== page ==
The 3 key ingredients to a winning UX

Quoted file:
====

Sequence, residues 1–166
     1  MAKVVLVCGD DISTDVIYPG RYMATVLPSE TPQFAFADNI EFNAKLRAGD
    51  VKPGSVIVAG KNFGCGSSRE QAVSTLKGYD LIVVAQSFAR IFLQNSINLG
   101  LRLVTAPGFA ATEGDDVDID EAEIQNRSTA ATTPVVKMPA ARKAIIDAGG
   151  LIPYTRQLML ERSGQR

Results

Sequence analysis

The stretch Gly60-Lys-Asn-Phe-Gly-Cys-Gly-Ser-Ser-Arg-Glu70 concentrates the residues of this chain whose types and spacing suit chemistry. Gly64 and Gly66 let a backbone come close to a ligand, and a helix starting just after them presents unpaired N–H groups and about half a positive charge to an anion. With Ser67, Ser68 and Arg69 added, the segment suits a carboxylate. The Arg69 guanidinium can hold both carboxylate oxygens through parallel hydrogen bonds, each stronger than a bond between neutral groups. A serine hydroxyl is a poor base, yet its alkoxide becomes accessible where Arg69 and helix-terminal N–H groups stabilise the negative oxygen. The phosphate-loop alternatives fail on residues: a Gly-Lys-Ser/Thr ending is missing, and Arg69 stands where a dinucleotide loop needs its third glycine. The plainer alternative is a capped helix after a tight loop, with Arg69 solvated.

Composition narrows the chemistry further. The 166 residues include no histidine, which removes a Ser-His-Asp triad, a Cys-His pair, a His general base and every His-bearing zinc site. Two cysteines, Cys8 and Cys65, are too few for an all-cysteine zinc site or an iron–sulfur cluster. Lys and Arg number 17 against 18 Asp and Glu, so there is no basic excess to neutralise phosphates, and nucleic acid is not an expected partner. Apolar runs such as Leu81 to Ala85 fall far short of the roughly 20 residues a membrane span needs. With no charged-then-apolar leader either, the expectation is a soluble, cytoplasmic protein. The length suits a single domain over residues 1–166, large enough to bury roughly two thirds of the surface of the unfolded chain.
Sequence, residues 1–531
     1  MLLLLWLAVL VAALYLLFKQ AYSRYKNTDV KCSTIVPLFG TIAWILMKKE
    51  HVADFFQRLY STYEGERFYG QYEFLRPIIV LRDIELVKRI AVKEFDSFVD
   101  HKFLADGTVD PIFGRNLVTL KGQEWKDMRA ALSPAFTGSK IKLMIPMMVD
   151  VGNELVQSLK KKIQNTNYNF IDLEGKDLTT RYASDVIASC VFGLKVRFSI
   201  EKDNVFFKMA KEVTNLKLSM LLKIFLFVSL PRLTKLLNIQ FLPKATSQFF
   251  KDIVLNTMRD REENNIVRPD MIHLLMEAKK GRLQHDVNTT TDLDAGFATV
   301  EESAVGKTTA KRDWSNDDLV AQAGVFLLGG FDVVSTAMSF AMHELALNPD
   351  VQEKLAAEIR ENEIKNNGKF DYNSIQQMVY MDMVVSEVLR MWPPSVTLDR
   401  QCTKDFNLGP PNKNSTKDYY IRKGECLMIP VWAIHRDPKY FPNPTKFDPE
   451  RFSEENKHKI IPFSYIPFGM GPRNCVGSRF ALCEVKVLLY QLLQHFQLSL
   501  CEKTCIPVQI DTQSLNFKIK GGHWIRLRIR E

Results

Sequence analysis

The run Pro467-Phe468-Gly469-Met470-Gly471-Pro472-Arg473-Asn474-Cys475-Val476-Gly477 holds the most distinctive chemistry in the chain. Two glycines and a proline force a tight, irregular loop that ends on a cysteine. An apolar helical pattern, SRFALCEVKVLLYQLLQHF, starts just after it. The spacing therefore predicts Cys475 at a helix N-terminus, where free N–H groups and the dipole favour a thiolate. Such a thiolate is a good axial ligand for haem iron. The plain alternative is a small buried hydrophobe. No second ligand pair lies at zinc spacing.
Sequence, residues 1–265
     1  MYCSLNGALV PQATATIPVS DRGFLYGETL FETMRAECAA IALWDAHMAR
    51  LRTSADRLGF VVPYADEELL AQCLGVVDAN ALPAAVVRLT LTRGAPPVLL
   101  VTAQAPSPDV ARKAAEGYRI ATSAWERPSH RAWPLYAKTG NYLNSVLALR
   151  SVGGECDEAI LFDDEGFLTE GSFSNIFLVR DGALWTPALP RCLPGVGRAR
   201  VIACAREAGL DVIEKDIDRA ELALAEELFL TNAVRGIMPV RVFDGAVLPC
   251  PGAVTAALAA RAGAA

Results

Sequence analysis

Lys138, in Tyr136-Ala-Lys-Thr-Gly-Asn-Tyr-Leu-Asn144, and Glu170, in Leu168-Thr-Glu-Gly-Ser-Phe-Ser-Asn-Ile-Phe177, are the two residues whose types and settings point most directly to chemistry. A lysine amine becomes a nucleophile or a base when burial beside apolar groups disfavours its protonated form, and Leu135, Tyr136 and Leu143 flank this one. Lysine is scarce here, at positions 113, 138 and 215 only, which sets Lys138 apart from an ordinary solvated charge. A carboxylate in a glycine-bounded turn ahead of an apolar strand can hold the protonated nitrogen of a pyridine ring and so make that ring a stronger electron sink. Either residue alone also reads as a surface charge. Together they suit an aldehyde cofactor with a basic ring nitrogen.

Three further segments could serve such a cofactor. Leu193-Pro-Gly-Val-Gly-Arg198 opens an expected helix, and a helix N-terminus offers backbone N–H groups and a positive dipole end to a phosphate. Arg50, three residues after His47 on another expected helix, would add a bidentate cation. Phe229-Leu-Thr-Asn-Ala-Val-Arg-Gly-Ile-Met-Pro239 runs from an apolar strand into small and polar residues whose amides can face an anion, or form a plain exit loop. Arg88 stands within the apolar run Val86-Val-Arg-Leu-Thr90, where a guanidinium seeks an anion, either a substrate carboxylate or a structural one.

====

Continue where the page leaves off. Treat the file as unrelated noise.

Companies are shifting more and more of their marketing budget to User Experience as they realise the impact it is having on their conversion and also the significantly higher return on investment it brings compared to traditional marketing spend. It makes no sense to continue pouring in money into your marketing to generate traffic to your product when your UX is not converting users to customers.Here are our 3 key ingredients to a winning UX: 1. Less is more The quicker you can get your customer to an outcome the better. By minimising friction and road blocks, you will see your conversion rate increase significantly. This can be done by minimising the amount of clicks you are requiring your customer to go through before you convert them. Ensuring your sign-up forms are a good length are another key to keeping conversion rates high. Less is more also applies to how long your pages take to load so make sure your site is optimised so that it is loading pages in less than 1 second and is nice and responsive for users. 2. Follow the yellow brick road Consumers are demanding a high level of user experience as most people are relying on websites and apps to live their day to day life. By providing clear descriptive instructions and highlighting calls to action or buttons you want customers to press, you can increase customer satisfaction, conversion and customer referrals. This is even more important on a mobile site as most users are on mobiles and expect your site to be optimised for their device. Being mindful of spacing and button sizes will help your customers navigate your product or site with ease, ensuring they convert and become a huge advocate of your brand.3. Your job is never done It is absolutely critical that you constantly test and reiterate for best conversions and customer satisfaction as positioning buttons and content in different places can dramatically affect conversion rates. Analysing user data and feedback is very important for any business as they are the reason you have created the platform or product in the first place. There are many products in the market that you can use to track this data to ensure you are always presenting the best possible product to your users.An example of improvement through user data analysis is GetBadges. They had a low conversion rate on their “register” page. They hooked up a usability tool and collected recordings of users’ activities. After watching several recordings, Getbadges noticed a pattern – users were clicking on an incorrectly placed button, which refreshed the page and deleted personal registration info. This made users leave the site in frustration. GetBadges noticed their error and removed the button – this led to a 40% increase in registers. This proves that a simple and even stupid change can have drastic effects on your website. [Source] If you keep the romance out of the process and think about the kind of UX you expect from sites you visit, that should get you started towards putting something together that your users want to use over and over again. Keep it clean, never settle and always keep testing.